Manchester is bracing for yet another face-off between hardline far-right activists and anti-fascist campaigners this weekend. The North West Infidels (NWI) – described in a recent anti-extremism report as a "fascist gang" – is expected to gather in the city on Saturday (27 February).
Fresh from joining anti-immigration protests marked by violence in Dover last month, more than 270 of the group's supporters have indicated on Facebook they will attend. It will be the third time the NWI has demonstrated in Manchester in less than a year, with anti-fascist protesters expected to organise a counter-protest.
The group, led by 34-year-old Shane Calvert, says it will be protesting at a so-far undeclared location "for the many Europeans that are being forced onto the breadline whilst our Governments bend over backwards to accommodate people that quite frankly should not be here". Its mission statement says it rallies against "Islam, Zionism, Communism, Irish Republicanism and the militant left", while adding: "Our Race is our religion and our Nation is our church."
The NWI is one of a network of "Infidel" chapters across the UK that have grown in activity in the wake of the refugee crisis. It organised or supported 12 demonstrations in 2015, double the number for the previous year.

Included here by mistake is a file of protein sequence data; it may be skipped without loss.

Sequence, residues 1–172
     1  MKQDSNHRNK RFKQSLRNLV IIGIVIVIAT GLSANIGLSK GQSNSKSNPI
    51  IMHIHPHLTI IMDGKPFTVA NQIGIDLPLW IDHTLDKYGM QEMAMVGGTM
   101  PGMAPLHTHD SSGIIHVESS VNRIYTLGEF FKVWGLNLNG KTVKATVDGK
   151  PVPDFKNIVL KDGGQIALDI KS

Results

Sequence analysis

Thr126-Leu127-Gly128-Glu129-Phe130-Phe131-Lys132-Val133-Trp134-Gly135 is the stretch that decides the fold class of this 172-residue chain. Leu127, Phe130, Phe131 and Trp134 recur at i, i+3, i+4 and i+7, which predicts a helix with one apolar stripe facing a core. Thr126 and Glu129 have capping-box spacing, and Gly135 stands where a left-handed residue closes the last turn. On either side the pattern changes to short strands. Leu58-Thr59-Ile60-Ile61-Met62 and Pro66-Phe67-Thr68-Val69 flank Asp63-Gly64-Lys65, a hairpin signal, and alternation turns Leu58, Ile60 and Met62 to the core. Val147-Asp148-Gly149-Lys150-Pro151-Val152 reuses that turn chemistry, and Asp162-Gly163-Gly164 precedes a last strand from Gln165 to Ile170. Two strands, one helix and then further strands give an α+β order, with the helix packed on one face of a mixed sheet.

The group hit the headlines in 2013 when its members launched a brutal attack on anti-fascist supporters in Liverpool. The incident, caught on CCTV, saw Calvert, from Blackburn, and five other far-right sympathisers jailed.
A report by anti-extremism group Hope not Hate, published this month, said 2015 had seen "the continuing growth and militancy of the Infidels", describing them as a "network of regional fascist gangs pursuing a confrontational and violent agenda".
A public letter signed by councillors, union leaders and anti-war campaigners condemned the planned demonstration in Manchester, saying: "We are appalled that the fascist-led 'North West Infidels' splinter group have said on social media that they will rally at an undisclosed location somewhere in Manchester.
"We are witnessing the biggest movement of refugees in Europe since the 1940s. The sustained support shown for the refugees is confirmation that most people reject the hatred peddled by groups like the North West Infidels.
"We invite all Manchester's communities to support our public rally to celebrate multicultural Manchester and to reject racism at 12 midday in Piccadilly Gardens in the city centre on Saturday 27th February."
Greater Manchester Police said it was aware of the rally. The NWI refused to comment when approached by IBTimes UK.